Life cycle costs front and center at Turbo Expo 2014

Turbo Expo 2014 took place in Dusseldorf, Germany in June under the auspices of the ASME’s International Gas Turbine Institute (IGTI). Mike Ireland, ASME Managing Director ASME Research & Technology Development, introduced the keynote session by calling Turbo Expo the “flagship conference for ASME”, and as such, this year’s event enjoyed a highest ever attendance at over 3000 people, up from 2400 in 2013. A further record was set with had 1,229 papers presented in 329 sessions. The exhibit featured 118 vendors.

Life cycle costs

We tend to hear all about turbine problems, catastrophic failures, and the teething issues on the latest and greatest machines. This can leave a false impression on turbine reliability and lifespan. But the reality is that many gas turbines (GTs) remain in operation for an awful long time. Charles Soothill, Senior Vice President of Technology, Alstom Switzerland, highlighted the very first GT, a 4 MW model in Neuchatel, Switzerland in 1939 that stayed in service until 1997.

“With more renewables, which are being given priority onto the grid, gas plants are running less and so we are seeing even greater lifecycle cost pressure,” said Soothill. “Further, more startups create lifecycle fatigue damage.”

According to his estimates, GT lifecycle costs amount to twice equipment first costs. Steam turbines, on the other hand, have similar lifecycle to first costs. He pointed to Alstom’s work with additive manufacturing techniques such as selective laser melting as a means of replacing the casting of blades.

Gas generation plants

This theme of total lifecycle costs continued throughout the keynotes. Pratyush Nag, Director of Engineering, Product Line Manager, Siemens, began his talk by summarizing the prediction for the worldwide power-generation mix. Gas moving from a current 23 percent share of the energy mix will reach 25 percent by 2030. That number, though, is made to look worse than it is due to the fact that there will be a 50 percent rise in electricity demand during that period.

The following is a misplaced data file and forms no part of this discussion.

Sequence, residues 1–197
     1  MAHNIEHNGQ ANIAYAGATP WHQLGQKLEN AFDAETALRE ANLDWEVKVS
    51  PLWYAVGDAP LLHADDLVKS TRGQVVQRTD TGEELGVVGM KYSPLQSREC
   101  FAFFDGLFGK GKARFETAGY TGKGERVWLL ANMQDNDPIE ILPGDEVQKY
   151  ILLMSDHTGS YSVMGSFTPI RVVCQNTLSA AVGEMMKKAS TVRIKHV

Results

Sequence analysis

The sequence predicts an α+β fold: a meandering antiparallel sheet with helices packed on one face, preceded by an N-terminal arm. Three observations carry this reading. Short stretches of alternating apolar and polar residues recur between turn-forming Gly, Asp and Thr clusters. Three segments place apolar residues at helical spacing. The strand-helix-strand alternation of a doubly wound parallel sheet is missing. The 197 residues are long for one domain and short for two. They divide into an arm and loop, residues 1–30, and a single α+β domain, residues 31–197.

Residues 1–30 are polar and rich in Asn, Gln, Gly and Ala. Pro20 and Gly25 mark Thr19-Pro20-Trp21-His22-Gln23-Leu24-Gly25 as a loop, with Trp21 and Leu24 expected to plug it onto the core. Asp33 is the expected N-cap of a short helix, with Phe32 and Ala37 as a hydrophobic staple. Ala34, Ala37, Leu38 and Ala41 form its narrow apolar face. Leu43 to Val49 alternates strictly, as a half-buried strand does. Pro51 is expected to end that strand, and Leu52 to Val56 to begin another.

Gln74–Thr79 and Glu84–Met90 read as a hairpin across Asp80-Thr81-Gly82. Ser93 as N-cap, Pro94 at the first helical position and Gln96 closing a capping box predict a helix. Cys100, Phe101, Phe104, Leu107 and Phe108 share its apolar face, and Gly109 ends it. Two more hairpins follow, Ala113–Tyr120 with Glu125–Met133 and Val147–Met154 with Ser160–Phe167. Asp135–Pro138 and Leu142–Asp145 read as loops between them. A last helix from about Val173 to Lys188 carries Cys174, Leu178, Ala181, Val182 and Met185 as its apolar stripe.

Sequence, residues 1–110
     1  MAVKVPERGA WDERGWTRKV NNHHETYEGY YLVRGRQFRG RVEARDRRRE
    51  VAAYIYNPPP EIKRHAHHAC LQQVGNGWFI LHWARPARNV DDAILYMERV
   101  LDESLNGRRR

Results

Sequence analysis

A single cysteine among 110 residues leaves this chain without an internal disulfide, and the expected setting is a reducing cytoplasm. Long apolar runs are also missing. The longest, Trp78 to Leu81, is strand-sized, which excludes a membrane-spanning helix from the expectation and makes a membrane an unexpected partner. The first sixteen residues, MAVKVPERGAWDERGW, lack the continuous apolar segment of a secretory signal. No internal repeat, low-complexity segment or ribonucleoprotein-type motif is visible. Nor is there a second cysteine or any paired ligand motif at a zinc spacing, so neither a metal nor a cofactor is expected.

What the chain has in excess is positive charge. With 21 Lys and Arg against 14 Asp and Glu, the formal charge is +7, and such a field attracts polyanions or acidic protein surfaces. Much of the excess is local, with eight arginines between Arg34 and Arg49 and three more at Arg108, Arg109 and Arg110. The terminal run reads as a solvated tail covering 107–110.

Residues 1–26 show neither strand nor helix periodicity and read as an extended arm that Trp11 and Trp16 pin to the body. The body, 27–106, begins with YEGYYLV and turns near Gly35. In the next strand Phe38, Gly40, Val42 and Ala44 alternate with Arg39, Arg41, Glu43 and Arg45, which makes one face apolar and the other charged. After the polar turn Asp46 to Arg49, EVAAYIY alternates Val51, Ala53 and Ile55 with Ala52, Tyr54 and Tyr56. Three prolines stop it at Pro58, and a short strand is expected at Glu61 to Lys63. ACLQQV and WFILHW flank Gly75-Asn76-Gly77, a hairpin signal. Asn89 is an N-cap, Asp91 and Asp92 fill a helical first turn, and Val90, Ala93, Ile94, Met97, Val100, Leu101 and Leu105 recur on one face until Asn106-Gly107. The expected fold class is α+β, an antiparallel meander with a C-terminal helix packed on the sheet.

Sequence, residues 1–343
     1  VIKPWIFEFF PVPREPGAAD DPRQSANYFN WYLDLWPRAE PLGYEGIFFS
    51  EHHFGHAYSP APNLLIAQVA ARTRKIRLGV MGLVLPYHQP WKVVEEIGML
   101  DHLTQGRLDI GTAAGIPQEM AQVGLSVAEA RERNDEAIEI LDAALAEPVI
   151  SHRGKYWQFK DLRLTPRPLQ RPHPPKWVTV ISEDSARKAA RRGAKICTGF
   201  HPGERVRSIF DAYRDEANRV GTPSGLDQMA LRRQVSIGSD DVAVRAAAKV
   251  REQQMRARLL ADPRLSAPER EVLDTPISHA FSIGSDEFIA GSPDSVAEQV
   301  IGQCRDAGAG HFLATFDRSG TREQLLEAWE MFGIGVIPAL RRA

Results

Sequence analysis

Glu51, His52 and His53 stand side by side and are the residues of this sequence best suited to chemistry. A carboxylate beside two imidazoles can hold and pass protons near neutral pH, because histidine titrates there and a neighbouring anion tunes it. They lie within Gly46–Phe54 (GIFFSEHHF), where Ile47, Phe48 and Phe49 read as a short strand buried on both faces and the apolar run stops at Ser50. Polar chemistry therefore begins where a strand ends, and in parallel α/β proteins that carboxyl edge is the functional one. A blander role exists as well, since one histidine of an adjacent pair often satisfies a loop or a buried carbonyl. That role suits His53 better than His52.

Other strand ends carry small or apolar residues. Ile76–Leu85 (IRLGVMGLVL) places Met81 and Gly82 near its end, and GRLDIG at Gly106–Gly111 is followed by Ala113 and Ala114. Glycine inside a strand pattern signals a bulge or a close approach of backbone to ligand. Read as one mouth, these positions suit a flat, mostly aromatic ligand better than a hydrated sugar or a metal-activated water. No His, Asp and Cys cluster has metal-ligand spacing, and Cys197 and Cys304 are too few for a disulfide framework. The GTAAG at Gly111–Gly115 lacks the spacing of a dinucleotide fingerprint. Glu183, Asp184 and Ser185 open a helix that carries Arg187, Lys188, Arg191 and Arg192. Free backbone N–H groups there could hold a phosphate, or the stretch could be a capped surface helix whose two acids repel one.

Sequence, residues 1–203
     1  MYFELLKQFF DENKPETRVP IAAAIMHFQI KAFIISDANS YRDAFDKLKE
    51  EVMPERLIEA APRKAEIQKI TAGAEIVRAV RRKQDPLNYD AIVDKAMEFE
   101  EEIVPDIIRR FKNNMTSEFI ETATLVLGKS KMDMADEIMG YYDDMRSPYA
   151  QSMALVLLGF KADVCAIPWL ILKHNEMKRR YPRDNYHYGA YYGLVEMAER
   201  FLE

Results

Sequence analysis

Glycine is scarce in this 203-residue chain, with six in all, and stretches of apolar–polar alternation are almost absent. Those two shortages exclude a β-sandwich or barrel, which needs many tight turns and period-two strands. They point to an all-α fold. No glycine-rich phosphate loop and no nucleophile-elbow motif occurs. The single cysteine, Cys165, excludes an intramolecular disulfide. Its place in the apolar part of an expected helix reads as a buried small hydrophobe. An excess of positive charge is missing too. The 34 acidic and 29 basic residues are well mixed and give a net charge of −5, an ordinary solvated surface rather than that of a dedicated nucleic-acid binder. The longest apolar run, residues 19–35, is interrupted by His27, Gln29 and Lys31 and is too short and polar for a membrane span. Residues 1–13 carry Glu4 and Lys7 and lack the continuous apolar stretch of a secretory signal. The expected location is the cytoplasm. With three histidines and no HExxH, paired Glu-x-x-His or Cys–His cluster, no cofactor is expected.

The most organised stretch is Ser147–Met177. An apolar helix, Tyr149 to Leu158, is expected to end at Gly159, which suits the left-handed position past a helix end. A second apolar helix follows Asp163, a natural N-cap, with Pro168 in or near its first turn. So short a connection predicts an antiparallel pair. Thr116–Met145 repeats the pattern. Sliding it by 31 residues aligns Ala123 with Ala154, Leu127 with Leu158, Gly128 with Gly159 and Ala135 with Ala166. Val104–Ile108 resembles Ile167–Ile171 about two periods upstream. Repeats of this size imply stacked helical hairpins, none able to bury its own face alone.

Meanwhile, coal will fall from 40 to 35 percent and oil from 4 to 2 percent. The fossil fuel market share will decline from 67 to 62 percent which will be mainly compensated by renewables which are expected to soar from 4 to 13 percent. However, gas generation power plants are still expected to be the mainstay to compensate for the volatility in renewable power generation. This led into a discussion of how to keep the existing GT fleet running longer despite changing operating conditions.

Nag stated how users are evaluating overall lifecycle costs for their business case evaluations that don’t just cover power output, but include reliability and availability on the grid. This is exerting an influence on warranty terms. “To reduce lifecycle costs, we have to make progress in system integration, clearance controls, coatings and process simulations, maintenance services,” said Nag.

Gain in power and efficiency

Siemens has developed thermal barrier coatings (TBCs) and sensors to better monitor hot gas path components and thereby lower lifecycle costs. In addition, Hydraulic Clearance Optimization (HCO) shifts the rotor against the flow direction to optimize turbine clearances during steady state operation. The axial shift of the rotor is performed automatically by hydraulic pistons behind the compressor thrust bearing. A gain in power and efficiency due to the conical shape of the turbine is higher than the potential losses on the compressor side. Nag said it produces a power boost of several MW on some Siemens machines and that over 100 units already have it in operation.

Karsten Muhlenfeld, Director Engineering, Rolls-Royce, rounded out the keynotes by discussing aero engines. He said the money is no longer in the sale of engines. OEMs, therefore, have to be up to the challenge in a market filled with an abundance of aftermarket challengers.

“While it is important to build new engines, it is more important to service them well,” said Muhlenfeld. “We now make the biggest turnover out of servicing engines, more than 55 percent of our total turnover.”